Finally, some rice is in the ground in Arkansas. Barely.
Jarrod Hardke, Extension rice agronomist for the University of Arkansas System Division of Agriculture, said March 26 that a handful of growers began water-seeding rice, a technique that typically accounts for about 5 percent of all rice acreage in the state.
“That’s the very first rice planted in Arkansas to my knowledge,” Hardke said. “But beyond that, we’re still staring at a very difficult time to get any other rice in the ground.”
The window for early-planted rice has nearly passed, with hardly a break in the wet weather that has plagued the state for most of the past 18 months. Since Jan. 1, much of the state has received about 150 percent of its typical rainfall for the three-month window, according to data from the National Oceanic and Atmospheric Administration.
The near future forecast doesn’t look much different, with this week’s temperatures dropping back into the 60s, and more rainfall expected.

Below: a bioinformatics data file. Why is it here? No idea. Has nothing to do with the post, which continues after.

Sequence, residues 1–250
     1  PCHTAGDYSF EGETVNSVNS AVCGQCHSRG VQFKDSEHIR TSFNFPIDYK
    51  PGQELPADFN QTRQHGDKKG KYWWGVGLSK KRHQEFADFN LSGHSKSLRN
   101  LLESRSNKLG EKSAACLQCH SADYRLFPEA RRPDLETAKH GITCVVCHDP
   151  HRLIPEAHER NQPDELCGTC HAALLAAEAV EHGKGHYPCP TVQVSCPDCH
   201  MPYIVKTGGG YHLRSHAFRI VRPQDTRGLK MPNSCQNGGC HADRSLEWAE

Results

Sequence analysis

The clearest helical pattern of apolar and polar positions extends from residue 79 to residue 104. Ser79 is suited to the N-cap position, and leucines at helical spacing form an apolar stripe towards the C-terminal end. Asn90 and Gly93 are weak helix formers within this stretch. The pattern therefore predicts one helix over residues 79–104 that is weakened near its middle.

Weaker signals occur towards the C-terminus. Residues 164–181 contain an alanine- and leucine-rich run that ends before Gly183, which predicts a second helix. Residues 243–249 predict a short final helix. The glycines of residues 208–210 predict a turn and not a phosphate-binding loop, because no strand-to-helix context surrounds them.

Will 2020 be a big year?
Nevertheless, 2020 still holds the potential to be a big year for Arkansas rice acreage, Hardke said, likely exceeding 1.5 million acres.
“It continues to point up,” he said.
The U.S. Department of Agriculture has conducted surveys of growers over the past two weeks, he said — the same period in which the COVID-19 pandemic has seized much of the world’s attention, leading in part to panic-buying of rice and other staples in the United States. Simultaneously, soybean and corn contract prices have dropped, while rice prices have remained relatively stable.
Market prices weigh heavily on growers’ acreage allocation decisions, and 2020 is likely to be no different.
“In theory, some of that shift in intention will show up in the prospective planting report,” Hardke said. “Given everything else that’s happened, 1.5 million acres, assuming we have the opportunity to plant it, is actually at the low end of my expectations.”
Hardke said that, as of yet, the coronavirus pandemic has had no identifiable effect of the mechanics of farming itself — although the continued delays in planting leave the state with an open question.
“We’re just unable to really do much of anything yet,” he said. “Even preparing for the season, you’re not much going into your local retailers — everything can be done over the phone.
“Everyone seems to have most of their inputs on hand,” he said. “It doesn’t seem, at this stage, like we’re going to run into major issues. But it is something everyone’s concerned about, should things continue to drag on. The first week when the weather opens up enough for us to do anything, it’s going to be a pretty good barometer of how the pandemic might affect farming. We just don’t have that information yet.”